23. I was thinking that for the scale I would love to take off all numbers or marking devices and leave the little pointer and the markers. Then I’d like to get on, put the marker on and then a few weeks later get on and if it went up; but another marker there but leave the lower one; or vice versa. I would love to just find my weight RANGE and have those two markers, moving the lower one if it goes lower, moving the higher one if it goes higher. Then if it is anywhere in that range; whatevers. If it goes widely OUT of the range then maybe I’d worry about meds I recently started, etc. At least, the idea sounds good in my head. Not sure I’d actually go out and do this though since I only just finally got RID of my scale a few months ago!

    I have given the gift of the heat pack before and gotten rave reviews. Warm slipper socks are also a boon, super fleece lap blankets rock my own world but I’m not sure if she’s a slipper person or if a blanket would be too personal?

    Good luck!

  24. but I’m not sure if she’s a slipper person or if a blanket would be too personal?

    A blanket would TOTALLY not be too personal — and actually, I wonder if she could use a new one for her armchair. We got her slippers already a couple of years ago, but good instincts! Netflix is also a GREAT idea. You guys want to help with my sister in law too? :)

  25. What a stupid idea for a scale. The last thing I want when I am trying to lose weight is to be reminded of chocolates every time I step onto the scale.

  26. This reminds me of when, at the age of 11 or 12, I thought it would be funny for my mother’s birthday to buy her a fake silverware setting that had a whole in the spoon (you know, so teh foods will slip out and not hit your mouth). I thought it was a harmless anti-diet joke at the time since she was constantly dieting (still is) and I didn’t see the purpose, but she didn’t take it so well. So if it were me, I wouldn’t buy something like that for anyone who is afraid of their fat or still trying to diet, as they might be offended.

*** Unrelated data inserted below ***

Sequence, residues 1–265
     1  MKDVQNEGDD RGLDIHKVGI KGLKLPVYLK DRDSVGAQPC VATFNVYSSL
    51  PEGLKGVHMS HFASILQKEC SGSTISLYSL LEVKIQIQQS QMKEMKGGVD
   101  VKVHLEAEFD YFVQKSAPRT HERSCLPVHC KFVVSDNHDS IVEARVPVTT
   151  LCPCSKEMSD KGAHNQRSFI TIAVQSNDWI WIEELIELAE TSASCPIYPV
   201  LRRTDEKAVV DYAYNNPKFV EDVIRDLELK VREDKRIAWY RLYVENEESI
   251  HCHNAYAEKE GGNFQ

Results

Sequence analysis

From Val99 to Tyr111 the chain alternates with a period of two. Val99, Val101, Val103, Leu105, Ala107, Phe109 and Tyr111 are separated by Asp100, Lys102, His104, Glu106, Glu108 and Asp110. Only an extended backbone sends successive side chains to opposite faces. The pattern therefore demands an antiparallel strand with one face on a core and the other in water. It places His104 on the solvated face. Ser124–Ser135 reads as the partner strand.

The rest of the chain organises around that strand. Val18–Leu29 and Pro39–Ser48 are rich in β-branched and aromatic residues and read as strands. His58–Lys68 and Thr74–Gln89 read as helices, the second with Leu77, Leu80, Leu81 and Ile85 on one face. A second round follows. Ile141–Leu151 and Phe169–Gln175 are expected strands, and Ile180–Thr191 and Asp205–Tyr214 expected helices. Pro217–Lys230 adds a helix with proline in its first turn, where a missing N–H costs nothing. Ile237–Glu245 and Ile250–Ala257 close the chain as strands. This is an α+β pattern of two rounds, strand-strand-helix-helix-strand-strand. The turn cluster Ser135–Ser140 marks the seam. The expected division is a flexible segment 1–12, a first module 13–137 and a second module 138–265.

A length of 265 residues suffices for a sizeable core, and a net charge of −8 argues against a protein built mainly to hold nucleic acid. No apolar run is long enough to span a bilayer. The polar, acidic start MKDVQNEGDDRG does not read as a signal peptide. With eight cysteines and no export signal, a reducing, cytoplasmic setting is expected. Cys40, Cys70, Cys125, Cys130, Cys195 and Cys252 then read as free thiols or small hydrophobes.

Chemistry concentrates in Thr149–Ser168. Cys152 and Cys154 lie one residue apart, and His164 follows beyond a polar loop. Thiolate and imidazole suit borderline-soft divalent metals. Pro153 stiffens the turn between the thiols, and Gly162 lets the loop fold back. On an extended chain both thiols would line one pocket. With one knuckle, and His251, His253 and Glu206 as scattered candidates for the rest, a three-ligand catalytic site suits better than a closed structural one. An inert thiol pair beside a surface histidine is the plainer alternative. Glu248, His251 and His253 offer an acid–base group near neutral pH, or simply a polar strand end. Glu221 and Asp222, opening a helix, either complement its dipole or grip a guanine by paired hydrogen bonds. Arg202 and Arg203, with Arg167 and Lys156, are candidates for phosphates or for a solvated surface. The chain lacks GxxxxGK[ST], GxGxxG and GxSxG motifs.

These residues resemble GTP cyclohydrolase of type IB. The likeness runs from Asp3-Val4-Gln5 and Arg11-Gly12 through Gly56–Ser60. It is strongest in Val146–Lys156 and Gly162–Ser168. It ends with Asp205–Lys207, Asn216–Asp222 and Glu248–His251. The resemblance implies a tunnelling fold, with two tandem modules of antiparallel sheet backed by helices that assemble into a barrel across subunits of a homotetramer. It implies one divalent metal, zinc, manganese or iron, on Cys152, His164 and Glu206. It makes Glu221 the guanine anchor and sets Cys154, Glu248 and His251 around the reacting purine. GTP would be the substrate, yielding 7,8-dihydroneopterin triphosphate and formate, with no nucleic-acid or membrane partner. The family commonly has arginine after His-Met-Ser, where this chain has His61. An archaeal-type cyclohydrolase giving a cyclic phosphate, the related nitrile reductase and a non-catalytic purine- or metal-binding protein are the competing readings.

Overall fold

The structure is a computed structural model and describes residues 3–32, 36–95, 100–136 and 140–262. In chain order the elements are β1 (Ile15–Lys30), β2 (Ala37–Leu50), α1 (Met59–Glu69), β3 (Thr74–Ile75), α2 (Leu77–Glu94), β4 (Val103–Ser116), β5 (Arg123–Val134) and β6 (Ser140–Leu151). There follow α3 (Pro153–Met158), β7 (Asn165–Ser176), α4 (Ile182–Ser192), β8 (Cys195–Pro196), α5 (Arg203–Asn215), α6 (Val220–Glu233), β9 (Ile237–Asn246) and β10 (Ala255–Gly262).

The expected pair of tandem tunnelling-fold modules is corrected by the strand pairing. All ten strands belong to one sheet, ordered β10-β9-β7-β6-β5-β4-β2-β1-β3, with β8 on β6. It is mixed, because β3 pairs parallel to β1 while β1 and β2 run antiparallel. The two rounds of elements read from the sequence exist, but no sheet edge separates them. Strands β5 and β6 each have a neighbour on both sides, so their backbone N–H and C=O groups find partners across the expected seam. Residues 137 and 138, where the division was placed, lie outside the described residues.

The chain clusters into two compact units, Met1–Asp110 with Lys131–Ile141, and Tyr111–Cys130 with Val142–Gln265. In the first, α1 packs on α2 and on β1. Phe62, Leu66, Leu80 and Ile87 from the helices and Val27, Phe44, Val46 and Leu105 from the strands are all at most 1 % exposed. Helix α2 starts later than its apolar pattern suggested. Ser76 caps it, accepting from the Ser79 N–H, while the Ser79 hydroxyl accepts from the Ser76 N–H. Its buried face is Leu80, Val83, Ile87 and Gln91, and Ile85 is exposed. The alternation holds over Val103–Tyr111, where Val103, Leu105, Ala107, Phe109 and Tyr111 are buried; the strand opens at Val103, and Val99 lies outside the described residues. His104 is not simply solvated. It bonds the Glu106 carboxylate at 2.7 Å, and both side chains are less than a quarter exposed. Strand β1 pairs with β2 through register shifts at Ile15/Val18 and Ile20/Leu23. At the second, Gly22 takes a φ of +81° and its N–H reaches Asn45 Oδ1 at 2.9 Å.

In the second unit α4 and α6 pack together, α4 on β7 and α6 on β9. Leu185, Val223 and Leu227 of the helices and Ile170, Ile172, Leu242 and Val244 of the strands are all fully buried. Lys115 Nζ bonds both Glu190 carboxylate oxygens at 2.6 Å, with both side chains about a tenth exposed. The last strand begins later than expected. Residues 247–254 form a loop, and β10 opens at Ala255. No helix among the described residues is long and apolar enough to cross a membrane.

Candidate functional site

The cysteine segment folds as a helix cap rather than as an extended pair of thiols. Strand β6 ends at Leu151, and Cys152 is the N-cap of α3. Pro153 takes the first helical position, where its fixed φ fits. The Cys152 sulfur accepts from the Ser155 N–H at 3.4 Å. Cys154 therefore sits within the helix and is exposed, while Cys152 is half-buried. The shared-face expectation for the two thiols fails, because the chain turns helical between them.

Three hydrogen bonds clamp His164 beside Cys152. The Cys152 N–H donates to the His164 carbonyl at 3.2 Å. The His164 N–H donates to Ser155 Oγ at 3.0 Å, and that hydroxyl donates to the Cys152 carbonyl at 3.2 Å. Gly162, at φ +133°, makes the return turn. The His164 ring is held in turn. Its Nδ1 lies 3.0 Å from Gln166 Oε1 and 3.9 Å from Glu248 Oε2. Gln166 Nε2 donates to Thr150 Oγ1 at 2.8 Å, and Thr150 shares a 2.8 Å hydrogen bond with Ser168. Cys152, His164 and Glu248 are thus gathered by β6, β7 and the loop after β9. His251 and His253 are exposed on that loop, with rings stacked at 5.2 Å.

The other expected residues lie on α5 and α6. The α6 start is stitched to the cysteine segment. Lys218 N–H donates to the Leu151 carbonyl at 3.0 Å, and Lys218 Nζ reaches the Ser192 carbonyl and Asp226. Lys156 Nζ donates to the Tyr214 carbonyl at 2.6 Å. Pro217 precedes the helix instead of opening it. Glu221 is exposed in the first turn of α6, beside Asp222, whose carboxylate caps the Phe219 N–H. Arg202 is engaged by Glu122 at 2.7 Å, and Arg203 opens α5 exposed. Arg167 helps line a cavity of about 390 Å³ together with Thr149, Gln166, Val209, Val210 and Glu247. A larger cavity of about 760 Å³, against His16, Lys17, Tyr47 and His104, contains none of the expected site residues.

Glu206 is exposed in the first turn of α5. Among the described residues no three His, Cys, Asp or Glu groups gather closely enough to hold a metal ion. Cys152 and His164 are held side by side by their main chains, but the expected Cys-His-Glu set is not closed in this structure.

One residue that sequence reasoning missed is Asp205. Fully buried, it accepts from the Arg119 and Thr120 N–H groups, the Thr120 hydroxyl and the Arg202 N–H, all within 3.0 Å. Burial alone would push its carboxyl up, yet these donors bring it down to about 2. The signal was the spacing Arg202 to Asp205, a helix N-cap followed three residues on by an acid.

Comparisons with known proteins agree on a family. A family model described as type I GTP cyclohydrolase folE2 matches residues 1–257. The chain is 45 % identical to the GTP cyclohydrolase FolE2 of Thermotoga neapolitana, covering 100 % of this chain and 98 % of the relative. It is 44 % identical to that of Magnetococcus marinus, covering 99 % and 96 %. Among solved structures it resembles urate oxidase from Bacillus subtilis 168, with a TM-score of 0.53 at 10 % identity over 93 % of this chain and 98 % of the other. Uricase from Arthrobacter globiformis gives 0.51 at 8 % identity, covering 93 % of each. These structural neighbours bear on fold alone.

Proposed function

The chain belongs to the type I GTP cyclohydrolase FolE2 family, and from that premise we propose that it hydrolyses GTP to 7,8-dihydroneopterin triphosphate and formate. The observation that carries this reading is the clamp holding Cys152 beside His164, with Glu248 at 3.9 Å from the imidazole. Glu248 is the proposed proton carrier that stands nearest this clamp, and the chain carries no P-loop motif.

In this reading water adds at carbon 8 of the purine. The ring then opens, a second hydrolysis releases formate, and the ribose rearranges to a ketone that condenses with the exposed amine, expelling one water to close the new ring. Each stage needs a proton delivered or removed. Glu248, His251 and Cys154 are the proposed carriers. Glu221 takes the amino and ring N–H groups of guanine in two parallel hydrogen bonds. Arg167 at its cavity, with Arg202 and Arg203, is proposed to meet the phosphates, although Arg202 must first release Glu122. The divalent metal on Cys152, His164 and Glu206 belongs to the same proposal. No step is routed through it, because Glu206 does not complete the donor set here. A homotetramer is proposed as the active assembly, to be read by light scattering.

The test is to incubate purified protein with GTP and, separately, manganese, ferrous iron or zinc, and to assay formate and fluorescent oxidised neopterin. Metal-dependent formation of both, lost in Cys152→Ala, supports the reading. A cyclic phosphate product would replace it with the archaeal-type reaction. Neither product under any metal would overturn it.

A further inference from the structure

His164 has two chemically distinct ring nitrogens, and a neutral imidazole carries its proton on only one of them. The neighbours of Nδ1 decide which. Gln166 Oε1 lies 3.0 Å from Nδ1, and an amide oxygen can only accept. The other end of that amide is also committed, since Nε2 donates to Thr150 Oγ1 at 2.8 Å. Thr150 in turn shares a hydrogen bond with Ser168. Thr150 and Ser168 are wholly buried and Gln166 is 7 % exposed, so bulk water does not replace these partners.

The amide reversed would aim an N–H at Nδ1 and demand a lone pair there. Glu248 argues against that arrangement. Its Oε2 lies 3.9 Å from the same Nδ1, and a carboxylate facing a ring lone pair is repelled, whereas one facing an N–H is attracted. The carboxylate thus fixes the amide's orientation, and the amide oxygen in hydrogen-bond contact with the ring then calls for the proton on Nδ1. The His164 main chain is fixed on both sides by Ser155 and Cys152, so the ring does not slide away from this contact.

27. The number in the scale is still so triggering to me – to say the least. I really look forward to the day when the little number doesn’t have that kind of power, but in the meantime…..

    Just finishing pregnancy number 2, I would have liked knowing how much weight I’d gained during the pregnancy and how much, if any, I’ve lost since. Its not useless information, but its too triggering for me to take the risk of knowing the number. A numberless scale is something I’ve thought about making.

    I saw midwives who didn’t weigh me, which was great.

  28. Totally, what the hell. A perversion of the Yay! Scale.

    But then, I’m one of those weirdos who think weight loss and fat acceptance as concepts don’t really work well together.

  29. Amandaw, the blogger at three rivers fog, has fibromyalgia, and writes a lot about chronic pain/disability. She’s also just plain brilliant.

    http://threeriversblog.com/

    If you scroll down a bit, on the left column, there’s a series called “things that make my life easier” that might give you some more good ideas for gifts. Some have already been mentioned here: memory foam pillows, heat. She also has listed a shower chair and a decorative pill case, IIRC.

  30. One quick thing to remember with the heat wraps is allergies. My mom has fibro, and I’ve never gotten her these, because she and I are both allergic to… well, everything. Flowers. Perfume. Grass, trees, etc. So, lavender-scented sounds nice, but make sure she’s pro-scented things.

    On the other hand, maybe now I’ll make my mom one, or a few, unscented…. hmmm….

  31. I recommend natural latex pillows as an alternative to memory foam. I have one – it’s incredibly comfortable and it has helped somewhat with my TMJ pain. Depending on how memory foam is made, it may “outgas”, ie release chemicals, including some carcinogens. Worth a little research before you buy… (google “memory foam outgas”)

    I also have a Theracane, which is a really useful tool if you need to manage pain by massaging hard-to-reach bits of yourself. It’s helped a lot with my shoulder pain.

    And I looove my heat wrap… thanks to those above who suggested easy ways to make them! I particularly like the sock idea.